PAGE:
Back to Top

Top 10 Do Justice Articles of 2021

Enjoy this look back at the top Do Justice articles written in 2021 (ranked by top pageviews).  It was a big year for us to be reading and praying about justice and you’ll see themes of this year in all of our top articles.  It is our hope and prayer that these articles blessed you and moved you to new action.

1. Reflections for National Truth and Reconciliation Day - Centre for Public Dialogue 

September 30th 2021 marks the first National Day of Truth and Reconciliation in Canada.  It coincides with Orange Shirt Day, a grassroots commemoration marked by the wearing of Orange Shirts for children forced to leave their families and attend residential schools.  This reflection is designed to take approximately an hour and we recommend that you take space to listen and reflect.  

2. When People Say ‘We’ve Made it Through Worse:’ A Lenten Prayer - Jonathan Nicolai-deKoning  

I’ve been thinking about Smith’s poem during these early months of 2021 as Canadians and Americans eagerly anticipate scheduling their COVID-19 vaccinations and permit themselves – however hesitantly - to imagine life after the pandemic. 

3. What’s Happening at the Border? - Kendra David 

An increase in migrants-especially unaccompanied minors- arriving at the border has many Americans concerned about the children’s welfare and their safe and orderly processing by immigration services.  Today, we’ll (briefly) answer 4 major questions about what is happening at the southern border.

4. They will know we are Christians by our refugee resettlement - JJ TenClay 

 Protecting the lives of refugees are not only national values; they are Christian ones, as well. One of the beautiful things about the refugee resettlement programs in Canada and the United States is that they welcome the participation of faith based organizations in the implementation of refugee resettlement; indeed, they depend on people of faith to survive.

5. Exchanging Hearts - Shannon Perez and Cindy Stover

Inspired by these words and the recommendations from that report that CRC churches should continue cross-cultural dialogue, we are working towards a Hearts Exchanged reboot that will equip Reformed Christians to engage with Indigenous peoples in a good way. This is certainly not a new conversation, not in the year 2000, and not now in 2021.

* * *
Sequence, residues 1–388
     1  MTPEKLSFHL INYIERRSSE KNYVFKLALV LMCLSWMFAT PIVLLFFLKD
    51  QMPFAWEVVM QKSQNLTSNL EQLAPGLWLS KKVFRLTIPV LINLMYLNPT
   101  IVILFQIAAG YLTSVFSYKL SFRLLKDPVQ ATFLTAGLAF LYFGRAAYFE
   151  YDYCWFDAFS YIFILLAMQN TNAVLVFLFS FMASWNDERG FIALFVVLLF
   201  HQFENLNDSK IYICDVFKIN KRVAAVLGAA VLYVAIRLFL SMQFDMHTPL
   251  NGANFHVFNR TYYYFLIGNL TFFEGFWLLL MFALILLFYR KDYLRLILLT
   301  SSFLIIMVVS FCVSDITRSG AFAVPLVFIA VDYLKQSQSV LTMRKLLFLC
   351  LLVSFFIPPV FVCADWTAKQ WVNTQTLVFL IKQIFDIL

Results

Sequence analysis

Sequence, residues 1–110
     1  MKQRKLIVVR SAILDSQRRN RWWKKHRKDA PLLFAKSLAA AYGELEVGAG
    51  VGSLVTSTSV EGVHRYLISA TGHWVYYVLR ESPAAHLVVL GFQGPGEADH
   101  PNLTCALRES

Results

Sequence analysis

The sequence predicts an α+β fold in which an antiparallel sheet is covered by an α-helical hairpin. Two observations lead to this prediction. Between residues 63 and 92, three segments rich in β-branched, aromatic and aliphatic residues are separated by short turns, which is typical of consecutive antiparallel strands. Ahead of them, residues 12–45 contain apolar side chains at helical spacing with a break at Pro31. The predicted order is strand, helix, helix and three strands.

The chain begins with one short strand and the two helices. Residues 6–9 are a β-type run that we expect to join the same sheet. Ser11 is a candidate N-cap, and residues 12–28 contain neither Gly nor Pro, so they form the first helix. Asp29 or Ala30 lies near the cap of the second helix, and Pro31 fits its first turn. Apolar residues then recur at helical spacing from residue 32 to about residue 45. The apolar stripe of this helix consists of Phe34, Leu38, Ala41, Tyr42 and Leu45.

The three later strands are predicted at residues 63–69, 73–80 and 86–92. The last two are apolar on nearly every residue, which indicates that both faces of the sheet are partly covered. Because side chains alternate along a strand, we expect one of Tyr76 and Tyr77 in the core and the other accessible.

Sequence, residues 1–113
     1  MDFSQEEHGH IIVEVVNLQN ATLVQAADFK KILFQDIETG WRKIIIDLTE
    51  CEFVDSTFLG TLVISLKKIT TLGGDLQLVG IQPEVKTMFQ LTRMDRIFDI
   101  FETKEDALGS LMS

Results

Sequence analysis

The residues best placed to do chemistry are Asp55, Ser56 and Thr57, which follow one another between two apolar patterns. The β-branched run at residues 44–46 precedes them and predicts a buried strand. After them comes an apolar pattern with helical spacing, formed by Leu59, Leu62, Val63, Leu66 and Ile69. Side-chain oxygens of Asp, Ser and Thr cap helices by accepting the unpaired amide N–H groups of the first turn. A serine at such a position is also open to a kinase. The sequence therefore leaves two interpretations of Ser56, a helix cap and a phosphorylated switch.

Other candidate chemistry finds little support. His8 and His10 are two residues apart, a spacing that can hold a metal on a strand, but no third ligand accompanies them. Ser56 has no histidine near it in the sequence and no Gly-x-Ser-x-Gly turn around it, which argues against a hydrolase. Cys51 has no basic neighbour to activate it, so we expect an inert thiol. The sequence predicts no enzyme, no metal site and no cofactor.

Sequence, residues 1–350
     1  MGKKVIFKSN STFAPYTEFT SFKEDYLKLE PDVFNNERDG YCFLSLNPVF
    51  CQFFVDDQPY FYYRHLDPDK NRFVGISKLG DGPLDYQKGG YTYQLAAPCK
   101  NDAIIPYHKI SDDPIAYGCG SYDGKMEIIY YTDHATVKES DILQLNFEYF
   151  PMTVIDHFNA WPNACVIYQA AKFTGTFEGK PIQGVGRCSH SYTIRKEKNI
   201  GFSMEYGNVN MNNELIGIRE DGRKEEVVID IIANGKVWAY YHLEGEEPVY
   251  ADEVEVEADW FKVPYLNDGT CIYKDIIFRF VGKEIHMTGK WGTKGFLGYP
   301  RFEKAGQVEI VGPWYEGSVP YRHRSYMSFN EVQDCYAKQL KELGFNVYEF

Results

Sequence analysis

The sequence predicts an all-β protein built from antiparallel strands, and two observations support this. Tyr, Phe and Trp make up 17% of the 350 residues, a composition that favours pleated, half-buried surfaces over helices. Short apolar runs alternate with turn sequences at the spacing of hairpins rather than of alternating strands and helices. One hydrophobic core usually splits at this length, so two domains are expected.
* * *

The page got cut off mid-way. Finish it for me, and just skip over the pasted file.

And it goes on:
6. From Child Displaced to International Activist - Mae Elise Cannon 

 In 2012, the advocacy organization Just Vision released a film where you can watch first hand what the encounters are like between settlers and Palestinian residents of Sheikh Jarah. In a riveting short (less than 30 minutes) documentary film, My Neighborhood follows the story of Mohammed El Kurd, a Palestinian boy growing up in the East Jerusalem neighborhood of Sheikh Jarrah.

7. Five Black Joy Triggers - Reggie Smith 

After watching, Amanda Gorman perform her Magnum opus poem at President Joe Biden’s inauguration, I thought about what I was missing in a world consumed by racial unrest, a worldwide pandemic, and political strife. Gorman reminded me of things that brought Black joy in my life.  "Black joy" are those small activities that resist giving in to the many racial challenges Black people face and building resilience to remain grateful and gracious. I need to draw from the deep wells of culture, history, and religion. These five triggers have helped me through tough times and renew my hope. These are a few of my favorite things to bring me Black Joy. 

8. I Don’t Want Peace - Laura Harjanto 

I invite you to read the passage from Dr. King, Jr’s sermon again. I invite you to ask yourself, whether you are an immigrant or an American citizen, identified as a racial minority or majority, are you living in compliance with this “peace” that tethers on compromising the dignities of God’s beloved creation? If so (because we all do), how do you plan on non-violently revolting against this “peace”? 

9. A Call to Prayer and Action - Centre for Public Dialogue 

 June is known as Indigenous History Month across Canada, and the reality of that history has come into stark focus with the uncovering of 215 unmarked graves of Indigenous children on the grounds of the residential school near Kamloops, B.C.. For residential school survivors and their families this announcement is not a surprise, but it is another reminder of the trauma and horror of the schools.

10. In Dialogue A Muslim’s View of Jesus - Safi Kaskas, John Hubers

Safi, Christians are often surprised to discover that Jesus’ story, at least part of it, is found in the Qur’an.  They are even more surprised when they come to realize that the Qur’an speaks of the virgin birth and his miracles.  Clearly, Jesus is significant to Muslims.  I’m wondering if you can help my Christian friends who may know little of Muslim beliefs to understand the role that Jesus plays in Islam. 

Are you a regular reader of Do Justice?  We can always use your help! 

The Reformed family is a diverse family with a diverse range of opinions. Not all perspectives expressed on the blog represent the official positions of the Christian Reformed Church. Learn more about this blog, Reformed doctrines, and our diversity policy on our About page.

In order to steward ministry shares well, commenting isn’t available on Do Justice itself because we engage with comments and dialogue in other spaces. To comment on this post, please visit the Christian Reformed Centre for Public Dialogue’s Facebook page (for Canada-specific articles) or the Office of Social Justice’s Facebook page. Alternatively, please email us. We want to hear from you!

Read more about our comment policy.